Texas Execution Stalled as Court Considers Constitutionality

The scheduled execution of a two-time killer has been put on hold while an appeals court considers his petition that death by injection is unconstitutionally cruel.

In a brief three-paragraph order released Monday, the Texas Court of Criminal Appeals blocked the execution of Derrick Sean O'Brien, condemned for the 1993 killings of Jennifer Ertman, 14, and Elizabeth Pena, 16.

Lawyers for O'Brien, 31, contended in their appeal that the execution drugs used in Texas "unnecessarily create a risk that O'Brien will suffer excruciating excessive pain."

Death penalty critics have argued that the painkiller sodium pentothal could wear off, causing pain, before a second drug, pancuronium bromide, paralyzes the inmate. A final drug, potassium chloride, causes a fatal heart attack.

The U.S. Supreme Court heard arguments in a Florida case last month that questions whether inmates can file special last-minute civil rights challenges to the chemical cocktail used in lethal injection. The justices are expected to issue a decision before July.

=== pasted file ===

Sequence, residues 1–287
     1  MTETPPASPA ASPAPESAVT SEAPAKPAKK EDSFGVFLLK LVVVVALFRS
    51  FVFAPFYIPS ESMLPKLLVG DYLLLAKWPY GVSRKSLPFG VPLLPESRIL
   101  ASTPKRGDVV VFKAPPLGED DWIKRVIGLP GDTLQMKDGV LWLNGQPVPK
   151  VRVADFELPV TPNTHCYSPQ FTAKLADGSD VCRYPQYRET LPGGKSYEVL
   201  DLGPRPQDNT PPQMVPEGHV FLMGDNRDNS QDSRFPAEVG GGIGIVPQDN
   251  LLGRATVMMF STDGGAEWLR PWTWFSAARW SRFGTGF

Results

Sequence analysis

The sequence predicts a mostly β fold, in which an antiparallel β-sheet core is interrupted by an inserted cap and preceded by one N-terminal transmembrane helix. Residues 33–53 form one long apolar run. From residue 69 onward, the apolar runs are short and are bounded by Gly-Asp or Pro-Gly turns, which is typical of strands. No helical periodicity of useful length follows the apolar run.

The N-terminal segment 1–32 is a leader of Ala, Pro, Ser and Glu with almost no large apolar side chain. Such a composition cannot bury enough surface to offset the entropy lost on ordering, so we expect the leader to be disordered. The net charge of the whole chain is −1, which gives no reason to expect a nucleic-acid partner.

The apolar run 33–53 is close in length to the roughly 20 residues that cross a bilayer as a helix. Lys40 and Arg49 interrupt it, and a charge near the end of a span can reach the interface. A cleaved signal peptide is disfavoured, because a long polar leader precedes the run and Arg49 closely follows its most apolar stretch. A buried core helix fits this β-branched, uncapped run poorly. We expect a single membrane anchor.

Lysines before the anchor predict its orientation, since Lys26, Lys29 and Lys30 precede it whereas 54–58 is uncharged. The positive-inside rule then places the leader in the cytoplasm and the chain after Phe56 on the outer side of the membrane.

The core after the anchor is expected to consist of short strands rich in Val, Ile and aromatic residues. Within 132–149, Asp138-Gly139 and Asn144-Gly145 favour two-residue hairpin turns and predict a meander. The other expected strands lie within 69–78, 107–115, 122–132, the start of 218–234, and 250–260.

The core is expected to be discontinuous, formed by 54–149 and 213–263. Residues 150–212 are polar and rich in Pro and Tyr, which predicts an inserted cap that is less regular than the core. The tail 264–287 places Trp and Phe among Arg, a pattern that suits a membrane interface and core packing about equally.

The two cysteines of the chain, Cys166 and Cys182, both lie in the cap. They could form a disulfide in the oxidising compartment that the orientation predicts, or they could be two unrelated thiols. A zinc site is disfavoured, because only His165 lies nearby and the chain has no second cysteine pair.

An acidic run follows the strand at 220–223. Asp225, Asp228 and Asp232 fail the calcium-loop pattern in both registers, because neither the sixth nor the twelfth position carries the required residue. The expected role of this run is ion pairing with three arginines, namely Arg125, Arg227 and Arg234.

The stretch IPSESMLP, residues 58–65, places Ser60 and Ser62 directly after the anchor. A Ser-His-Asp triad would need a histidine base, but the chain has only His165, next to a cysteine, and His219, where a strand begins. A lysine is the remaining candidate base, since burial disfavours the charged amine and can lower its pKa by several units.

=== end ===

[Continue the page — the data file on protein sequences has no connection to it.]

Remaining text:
The Texas drug procedure is similar to the one use in Florida, but until Monday's ruling, similar appeals in Texas death penalty cases had failed.

"The Court of Criminal Appeals has indicated, it appears, its willingness to temporarily defer executions until we have a better sense from the high court whether challenges of these types can be raised," said Catherine Greene Burnett, one of O'Brien's lawyers.

An indication of the ruling's impact could come quickly. Texas prison officials were scheduled to execute another inmate, Jermaine Herron, on Wednesday evening.

"We'll continue to address legal challenges presented in individual cases as they're brought through proper legal channels," said Jerry Strickland, a spokesman for Texas Attorney General Greg Abbott.

The Texas court ruling made little sense to Randy Ertman, whose daughter was one of the girls killed in the savage attack involving O'Brien and five companions.

"I don't have any respect for any politician," Ertman said of the court, whose members are elected. "They're a joke — a real joke."

Ertman had planned to witness O'Brien's execution at the death chamber Tuesday in Huntsville, where 363 inmates have received lethal injection since 1982, more than any other state.